"The missile appearing the still photographs released by KCNA is named “Bukgeungsong-1,” as indicated by the Korean characters on the airframe. Ironically, the name translates to “Polar Star” or “Polaris,” the latter parroting the name of the US Navy’s first-generation SLBM, initially deployed in the early-1960s. The Bukgeungsong-1 has a diameter-to-length ratio similar to that of the Soviet R-27 (4K10; SS-N-6), a sea-launched ballistic missile first deployed during the 1960s. The R-27 has a maximum range of about 2400 kilometers when delivering a 650-kilogram warhead."
"Firstly, the missile was ejected from the launch tube at a slight angle, not vertically. This was likely done to mimic the launch angle required when firing operational missiles that contain a full-propellant load. Indeed, the US and others launch SLBMs at an angle to ensure that if the missile’s main engine fails to ignite, the weapon loaded with volatile propellant does not fall back onto the submarine and explode. North Korea appears to have incorporated the safety protocol"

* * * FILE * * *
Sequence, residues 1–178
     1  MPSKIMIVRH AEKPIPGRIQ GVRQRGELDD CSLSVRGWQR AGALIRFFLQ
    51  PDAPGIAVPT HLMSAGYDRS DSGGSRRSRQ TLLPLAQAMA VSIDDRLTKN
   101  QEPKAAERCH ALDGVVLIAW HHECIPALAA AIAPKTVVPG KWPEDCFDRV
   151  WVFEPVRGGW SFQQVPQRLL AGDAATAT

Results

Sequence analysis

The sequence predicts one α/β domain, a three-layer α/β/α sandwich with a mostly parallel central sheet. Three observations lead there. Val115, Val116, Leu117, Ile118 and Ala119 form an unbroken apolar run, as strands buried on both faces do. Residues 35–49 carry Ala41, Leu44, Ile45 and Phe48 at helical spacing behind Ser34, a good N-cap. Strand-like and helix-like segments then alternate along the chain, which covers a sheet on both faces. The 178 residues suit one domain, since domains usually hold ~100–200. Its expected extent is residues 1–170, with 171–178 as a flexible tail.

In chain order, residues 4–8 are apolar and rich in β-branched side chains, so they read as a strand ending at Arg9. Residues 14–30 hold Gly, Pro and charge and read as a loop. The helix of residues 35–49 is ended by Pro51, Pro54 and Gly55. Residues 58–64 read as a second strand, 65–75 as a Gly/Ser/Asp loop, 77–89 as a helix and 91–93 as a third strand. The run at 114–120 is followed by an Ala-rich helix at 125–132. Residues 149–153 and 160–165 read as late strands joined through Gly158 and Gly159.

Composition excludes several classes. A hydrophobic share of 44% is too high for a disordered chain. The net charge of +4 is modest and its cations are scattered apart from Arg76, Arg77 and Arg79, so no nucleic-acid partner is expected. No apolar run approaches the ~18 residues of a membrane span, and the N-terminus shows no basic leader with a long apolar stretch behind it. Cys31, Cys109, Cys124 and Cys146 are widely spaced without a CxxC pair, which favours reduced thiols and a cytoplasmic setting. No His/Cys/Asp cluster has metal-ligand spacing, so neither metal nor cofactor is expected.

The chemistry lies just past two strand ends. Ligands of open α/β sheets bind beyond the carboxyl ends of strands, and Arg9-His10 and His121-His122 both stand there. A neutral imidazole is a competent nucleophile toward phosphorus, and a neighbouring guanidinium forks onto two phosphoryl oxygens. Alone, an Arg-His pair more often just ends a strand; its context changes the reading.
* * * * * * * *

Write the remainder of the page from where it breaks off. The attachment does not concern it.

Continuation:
"Secondly, the missile’s liquid-propellant engine successfully ignited, demonstrating that the sequence and timing of events was nominally correct."
"employing a mock-up rather than a complete missile suggests that the test objectives were limited to evaluating the mechanism responsible for ejecting the missile from an underwater-launch tube, safely activating the missile’s propulsion system and stabilizing the missile as it accelerates upward."
An archive of news and resources on East Asian security. Rather than adhering to a particular political agenda, this archive aims to bring together diverse and insightful resources found while conducting research.